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House of the Year 2023 shortlist: Cowshed reborn as living and work space

David Kohn Architects' exemplary reuse and enhancement of the existing agricultural structure makes Cowshed a home 'full of meaning and joy'

Credit: Max Creasy

Cowshed, Devon
David Kohn Architects for Peter Redstone & Suzanne Blank Redstone
Contract value: Confidential
GIA: 296 m2

Over 15 years Suzanne and Peter Redstone have worked with former House of the Year Award-winner David Kohn Architects to convert agricultural buildings on their dairy farm to residential use. The fifth and final piece of the new community is their own home, office and artist’s studio, created from a barn built by the couple in 1979. DKA set out to retain as much of the existing building as possible, both for economic and environmental reasons, and to help secure planning consent. Original concrete columns and timber trusses are visible in the double-height studio around which the house is planned.

New work uses sympathetically simple and robust materials. Highly insulated external walls are clad in Devon cedar, while internal partitions are in exposed Cornish blockwork, which makes a rugged backdrop for numerous paintings and sculptures and which is elevated by subtleties in the detailing; a change in the bond marks the moment when construction resumed after a lockdown-enforced hiatus.

Living accommodation wraps around the workspace, whose glazed elevation onto the farmyard is inset to form a sheltered veranda and outdoor workshop. Lower roof heights give these areas a more intimate character. Some bedrooms are on the step-free ground floor to ensure that the house can support all stages of life. Playful details include a lunette window onto the yard. Suzanne’s artwork is referenced in the bright colours of bathroom tiles and the reveals of windows, including a large oculus in the roof, that fill the barn with daylight.

‘Cowshed is both pragmatic and has a multitude of references to high culture,’ reported the visiting House of the Year jury. ‘Perfunctory concrete blockwork walls, remnants from the original cowshed, are pulled into the overall composition to read in places like the walls of an art gallery.’ In the reworked agricultural shed they saw hints of a Roman villa, and enjoyed the “painterly aesthetic” of coloured light that washes rough internal surfaces. Above all, it is an affordable, practical and accessible place, designed around its occupants’ needs and personalities. ‘It is the antithesis of the house where the architect feels that their vision is diminished once the client moves in with their belongings,’ said juror Bev Dockray. ‘The everyday stuff of living, creating and working combines symbiotically with the architecture to create a home full of meaning and joy.’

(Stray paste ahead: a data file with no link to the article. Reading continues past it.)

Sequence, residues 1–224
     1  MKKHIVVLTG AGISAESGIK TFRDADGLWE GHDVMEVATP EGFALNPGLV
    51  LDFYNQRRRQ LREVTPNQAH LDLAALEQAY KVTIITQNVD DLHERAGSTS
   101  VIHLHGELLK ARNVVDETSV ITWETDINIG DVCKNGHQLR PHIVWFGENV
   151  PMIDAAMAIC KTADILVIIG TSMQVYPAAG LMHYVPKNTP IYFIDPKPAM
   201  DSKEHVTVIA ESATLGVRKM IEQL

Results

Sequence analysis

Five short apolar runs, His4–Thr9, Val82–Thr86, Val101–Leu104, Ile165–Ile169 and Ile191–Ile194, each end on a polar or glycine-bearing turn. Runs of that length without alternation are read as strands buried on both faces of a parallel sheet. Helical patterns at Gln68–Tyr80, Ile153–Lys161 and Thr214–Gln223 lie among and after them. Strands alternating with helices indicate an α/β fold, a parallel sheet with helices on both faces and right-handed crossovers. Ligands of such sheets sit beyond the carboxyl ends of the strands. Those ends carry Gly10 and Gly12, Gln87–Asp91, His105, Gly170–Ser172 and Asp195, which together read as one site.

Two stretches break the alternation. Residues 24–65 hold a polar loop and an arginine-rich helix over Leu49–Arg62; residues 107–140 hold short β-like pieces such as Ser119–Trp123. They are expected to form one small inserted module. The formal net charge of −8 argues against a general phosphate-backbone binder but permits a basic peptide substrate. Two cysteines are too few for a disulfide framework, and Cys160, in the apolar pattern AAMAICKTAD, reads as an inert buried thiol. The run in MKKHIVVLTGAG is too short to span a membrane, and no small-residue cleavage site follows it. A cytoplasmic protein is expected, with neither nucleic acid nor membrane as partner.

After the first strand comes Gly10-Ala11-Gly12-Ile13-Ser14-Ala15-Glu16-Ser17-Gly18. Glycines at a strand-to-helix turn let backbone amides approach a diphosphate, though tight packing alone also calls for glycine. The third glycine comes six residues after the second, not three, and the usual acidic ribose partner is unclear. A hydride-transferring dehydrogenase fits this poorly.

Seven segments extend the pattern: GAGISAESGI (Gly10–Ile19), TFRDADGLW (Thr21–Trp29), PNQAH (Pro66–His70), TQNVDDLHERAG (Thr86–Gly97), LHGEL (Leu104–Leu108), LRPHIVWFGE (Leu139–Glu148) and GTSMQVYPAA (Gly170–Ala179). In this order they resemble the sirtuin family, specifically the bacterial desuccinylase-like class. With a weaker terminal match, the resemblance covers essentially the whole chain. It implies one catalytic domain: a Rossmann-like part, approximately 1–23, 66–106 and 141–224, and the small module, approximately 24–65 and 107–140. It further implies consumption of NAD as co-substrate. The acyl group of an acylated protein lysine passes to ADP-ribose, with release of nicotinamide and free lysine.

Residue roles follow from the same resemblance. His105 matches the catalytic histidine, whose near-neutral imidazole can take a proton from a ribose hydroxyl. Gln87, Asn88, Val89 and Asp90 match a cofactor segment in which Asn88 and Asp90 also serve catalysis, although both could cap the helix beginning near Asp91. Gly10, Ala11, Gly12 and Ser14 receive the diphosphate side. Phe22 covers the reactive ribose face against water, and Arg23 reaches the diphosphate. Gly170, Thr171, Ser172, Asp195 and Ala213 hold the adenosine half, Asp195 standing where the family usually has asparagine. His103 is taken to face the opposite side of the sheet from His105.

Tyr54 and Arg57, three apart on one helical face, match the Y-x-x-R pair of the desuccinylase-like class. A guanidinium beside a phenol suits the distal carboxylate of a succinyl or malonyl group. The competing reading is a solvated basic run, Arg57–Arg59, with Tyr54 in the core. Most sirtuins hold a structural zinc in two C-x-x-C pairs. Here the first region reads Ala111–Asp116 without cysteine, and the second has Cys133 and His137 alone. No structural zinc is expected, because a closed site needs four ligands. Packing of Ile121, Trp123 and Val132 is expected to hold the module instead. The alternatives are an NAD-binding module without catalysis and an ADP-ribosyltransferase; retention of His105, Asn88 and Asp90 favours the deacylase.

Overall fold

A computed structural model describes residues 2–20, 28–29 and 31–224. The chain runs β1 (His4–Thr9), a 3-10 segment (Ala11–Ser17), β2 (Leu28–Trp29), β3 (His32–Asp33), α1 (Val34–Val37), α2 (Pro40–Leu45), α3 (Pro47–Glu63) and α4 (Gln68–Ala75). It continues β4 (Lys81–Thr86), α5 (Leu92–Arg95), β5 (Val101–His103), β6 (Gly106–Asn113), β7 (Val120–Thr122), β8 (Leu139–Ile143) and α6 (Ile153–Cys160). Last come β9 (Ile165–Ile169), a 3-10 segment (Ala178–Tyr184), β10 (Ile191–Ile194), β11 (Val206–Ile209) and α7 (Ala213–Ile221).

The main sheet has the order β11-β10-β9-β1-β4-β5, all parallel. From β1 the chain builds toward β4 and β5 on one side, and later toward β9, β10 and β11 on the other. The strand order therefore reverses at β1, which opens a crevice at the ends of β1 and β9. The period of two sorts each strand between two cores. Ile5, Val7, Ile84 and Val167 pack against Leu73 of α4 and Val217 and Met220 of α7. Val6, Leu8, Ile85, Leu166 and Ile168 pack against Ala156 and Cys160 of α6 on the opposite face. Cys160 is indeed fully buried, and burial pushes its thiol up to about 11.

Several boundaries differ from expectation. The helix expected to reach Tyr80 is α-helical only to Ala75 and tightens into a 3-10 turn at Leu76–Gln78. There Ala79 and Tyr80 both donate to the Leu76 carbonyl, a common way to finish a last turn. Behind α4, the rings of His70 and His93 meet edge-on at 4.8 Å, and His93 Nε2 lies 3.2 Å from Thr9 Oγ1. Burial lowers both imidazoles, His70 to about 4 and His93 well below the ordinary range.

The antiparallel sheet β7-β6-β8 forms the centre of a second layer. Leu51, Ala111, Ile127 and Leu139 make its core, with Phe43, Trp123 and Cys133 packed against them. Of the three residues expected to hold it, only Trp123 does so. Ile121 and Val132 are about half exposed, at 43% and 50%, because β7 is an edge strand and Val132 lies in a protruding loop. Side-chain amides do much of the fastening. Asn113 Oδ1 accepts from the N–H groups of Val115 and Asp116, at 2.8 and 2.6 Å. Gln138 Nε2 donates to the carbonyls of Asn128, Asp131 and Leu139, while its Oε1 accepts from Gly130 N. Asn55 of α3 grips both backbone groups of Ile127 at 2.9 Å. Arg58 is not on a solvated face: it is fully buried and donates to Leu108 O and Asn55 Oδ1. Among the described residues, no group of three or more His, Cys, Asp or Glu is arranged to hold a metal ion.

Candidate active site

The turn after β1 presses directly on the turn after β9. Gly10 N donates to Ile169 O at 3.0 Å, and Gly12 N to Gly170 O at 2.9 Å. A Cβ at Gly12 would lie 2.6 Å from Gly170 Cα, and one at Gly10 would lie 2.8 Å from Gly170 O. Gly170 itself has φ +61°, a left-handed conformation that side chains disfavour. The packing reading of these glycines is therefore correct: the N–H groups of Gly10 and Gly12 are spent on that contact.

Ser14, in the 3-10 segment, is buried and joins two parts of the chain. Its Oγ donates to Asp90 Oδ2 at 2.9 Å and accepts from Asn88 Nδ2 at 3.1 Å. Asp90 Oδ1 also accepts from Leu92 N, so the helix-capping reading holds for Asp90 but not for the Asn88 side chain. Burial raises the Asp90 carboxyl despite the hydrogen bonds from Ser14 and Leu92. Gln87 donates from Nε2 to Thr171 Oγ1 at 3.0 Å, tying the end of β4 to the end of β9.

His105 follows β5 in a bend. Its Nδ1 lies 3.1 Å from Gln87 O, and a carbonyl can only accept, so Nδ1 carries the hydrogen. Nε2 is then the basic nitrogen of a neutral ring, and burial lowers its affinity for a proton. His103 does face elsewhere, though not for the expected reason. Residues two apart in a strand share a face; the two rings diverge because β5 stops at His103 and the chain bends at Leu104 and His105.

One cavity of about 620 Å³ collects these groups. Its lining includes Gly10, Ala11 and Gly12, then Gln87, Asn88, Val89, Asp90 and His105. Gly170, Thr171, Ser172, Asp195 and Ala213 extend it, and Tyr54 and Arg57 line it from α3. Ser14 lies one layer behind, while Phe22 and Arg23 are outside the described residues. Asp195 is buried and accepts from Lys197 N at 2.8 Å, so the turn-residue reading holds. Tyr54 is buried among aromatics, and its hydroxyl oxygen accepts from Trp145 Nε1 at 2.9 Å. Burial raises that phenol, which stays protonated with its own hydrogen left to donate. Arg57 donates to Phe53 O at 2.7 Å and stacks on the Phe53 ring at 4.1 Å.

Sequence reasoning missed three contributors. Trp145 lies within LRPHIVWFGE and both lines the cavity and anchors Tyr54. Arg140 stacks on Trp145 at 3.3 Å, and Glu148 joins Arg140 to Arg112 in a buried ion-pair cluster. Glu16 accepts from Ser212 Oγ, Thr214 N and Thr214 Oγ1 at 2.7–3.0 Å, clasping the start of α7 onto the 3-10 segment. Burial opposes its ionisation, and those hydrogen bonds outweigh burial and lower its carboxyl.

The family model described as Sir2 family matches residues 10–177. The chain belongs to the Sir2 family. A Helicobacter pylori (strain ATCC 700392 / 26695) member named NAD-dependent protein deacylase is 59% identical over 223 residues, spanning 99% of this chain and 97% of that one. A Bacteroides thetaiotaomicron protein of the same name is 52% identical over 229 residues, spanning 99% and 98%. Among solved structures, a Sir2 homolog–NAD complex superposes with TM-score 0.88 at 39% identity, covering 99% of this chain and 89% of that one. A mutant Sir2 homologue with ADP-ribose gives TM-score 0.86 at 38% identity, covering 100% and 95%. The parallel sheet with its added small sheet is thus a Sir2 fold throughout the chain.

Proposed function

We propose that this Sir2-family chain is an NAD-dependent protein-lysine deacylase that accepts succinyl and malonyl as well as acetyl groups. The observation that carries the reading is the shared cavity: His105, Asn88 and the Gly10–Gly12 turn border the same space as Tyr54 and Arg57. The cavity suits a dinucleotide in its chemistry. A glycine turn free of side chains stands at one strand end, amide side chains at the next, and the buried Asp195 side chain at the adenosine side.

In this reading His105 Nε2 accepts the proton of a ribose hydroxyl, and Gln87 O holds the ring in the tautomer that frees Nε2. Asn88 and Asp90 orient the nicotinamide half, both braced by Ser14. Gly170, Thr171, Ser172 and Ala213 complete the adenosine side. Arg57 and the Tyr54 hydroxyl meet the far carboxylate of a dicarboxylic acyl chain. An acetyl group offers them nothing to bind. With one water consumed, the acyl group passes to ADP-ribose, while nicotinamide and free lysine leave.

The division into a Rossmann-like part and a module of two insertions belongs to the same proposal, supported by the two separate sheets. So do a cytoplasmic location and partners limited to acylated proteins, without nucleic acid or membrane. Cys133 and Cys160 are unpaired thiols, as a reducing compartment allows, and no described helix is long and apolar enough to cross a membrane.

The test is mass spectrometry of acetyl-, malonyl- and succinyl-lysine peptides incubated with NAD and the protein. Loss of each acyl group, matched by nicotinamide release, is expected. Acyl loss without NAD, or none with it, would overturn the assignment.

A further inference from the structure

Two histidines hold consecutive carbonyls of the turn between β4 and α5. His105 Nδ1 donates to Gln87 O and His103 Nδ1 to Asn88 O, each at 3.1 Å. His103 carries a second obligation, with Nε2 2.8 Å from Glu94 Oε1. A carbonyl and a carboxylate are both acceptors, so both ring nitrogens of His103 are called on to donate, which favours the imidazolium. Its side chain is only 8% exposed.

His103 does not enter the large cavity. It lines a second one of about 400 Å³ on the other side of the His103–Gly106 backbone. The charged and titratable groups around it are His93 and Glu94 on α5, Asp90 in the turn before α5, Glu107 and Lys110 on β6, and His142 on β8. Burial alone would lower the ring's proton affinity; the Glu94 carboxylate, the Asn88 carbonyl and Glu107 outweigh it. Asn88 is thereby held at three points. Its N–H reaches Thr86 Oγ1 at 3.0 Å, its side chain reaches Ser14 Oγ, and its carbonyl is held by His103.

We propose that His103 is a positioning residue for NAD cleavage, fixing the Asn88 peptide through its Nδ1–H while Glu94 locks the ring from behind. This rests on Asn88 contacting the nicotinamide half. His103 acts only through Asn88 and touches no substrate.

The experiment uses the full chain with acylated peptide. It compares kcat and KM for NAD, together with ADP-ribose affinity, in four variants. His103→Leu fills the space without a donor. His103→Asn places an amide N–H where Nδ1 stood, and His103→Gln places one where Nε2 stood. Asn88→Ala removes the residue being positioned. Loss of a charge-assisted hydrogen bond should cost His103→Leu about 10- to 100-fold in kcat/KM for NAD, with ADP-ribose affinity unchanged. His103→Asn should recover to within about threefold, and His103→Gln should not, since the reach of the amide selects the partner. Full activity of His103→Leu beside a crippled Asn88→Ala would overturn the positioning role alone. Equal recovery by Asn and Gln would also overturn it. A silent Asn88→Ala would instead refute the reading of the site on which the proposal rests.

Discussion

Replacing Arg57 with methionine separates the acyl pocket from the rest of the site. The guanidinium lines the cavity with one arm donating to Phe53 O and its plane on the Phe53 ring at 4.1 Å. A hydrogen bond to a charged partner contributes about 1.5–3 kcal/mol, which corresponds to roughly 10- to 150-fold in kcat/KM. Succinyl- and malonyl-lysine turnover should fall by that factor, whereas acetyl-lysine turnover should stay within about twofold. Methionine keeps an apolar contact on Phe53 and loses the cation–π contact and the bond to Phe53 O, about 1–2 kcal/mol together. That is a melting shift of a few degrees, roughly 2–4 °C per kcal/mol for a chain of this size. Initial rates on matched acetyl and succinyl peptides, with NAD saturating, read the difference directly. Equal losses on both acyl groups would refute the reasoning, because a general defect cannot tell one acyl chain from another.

• Credit: Max Creasy
  • Credit: Max Creasy
  • Credit: Max Creasy
  • Credit: Max Creasy
  • Credit: Max Creasy

Three questions for David Kohn, founding director, David Kohn Architects

What is your favourite feature of the house?

When we were designing the project, Peter suggested adding the high-level internal balcony that overlooks Suzanne’s art studio, but I argued that it might diminish the drama of an almost 7m-tall lift of blockwork that encloses the space. I relented and of course it has turned out to be a lovely moment. I particularly enjoy it too because it is a clear example of when we listened to our clients and the design was better for it.

What was the greatest challenge of the project?

Arguably that was building through the Covid pandemic. We were unable to travel to site as often as we would have liked and building materials started to dry up. For example, the interiors were being built using blockwork to match the existing walls of the cow shed. However, local block production stopped and we had no way of knowing what the quality or finish of any future supply might be. So we decided to try and make something of a virtue of  the situation. We calculated how high a wall could be built throughout the house using the number of remaining blocks. We made a soldier course of vertical blocks at that datum so that any future change in colour or texture would feel deliberate. A pleasing consequence of this decision is that there is now a ‘Covid line’ running through the house. Because the wall did eventually keep rising, the line symbolises overcoming what seemed like very challenging circumstances at the time. 

What lessons from the project could be applied elsewhere?

Cowshed is an exemplar of reuse. It was originally built by our clients in the late 1970s to house their dairy herd. It was the cheapest most expedient agricultural structure available at the time. It used concrete posts to support timber trusses and an asbestos roof with concrete block walls. Other than replacing the asbestos, we reused every aspect of the existing structure. Not only that, the posts and trusses have been left exposed internally and are even more on display than in the 1970s. They are a large part of the identity of the new house today, and the large spans and open floors have made it possible to create excellent artist studio, work and living spaces. It sends a positive message to our industry that something considered so lowly and non-domestic 50 years ago has been transformed into a progressive home to last another 50 years.



Contractor Marks Building Services
Structural engineer Structure Workshop
Environmental / M&E engineer P3r Engineers
Quantity surveyor / cost consultant WT Hills
Ecologist George Bemment Associates
Drainage engineer Genever and Partners
Planning consultant Steve Anderson Planning and Development


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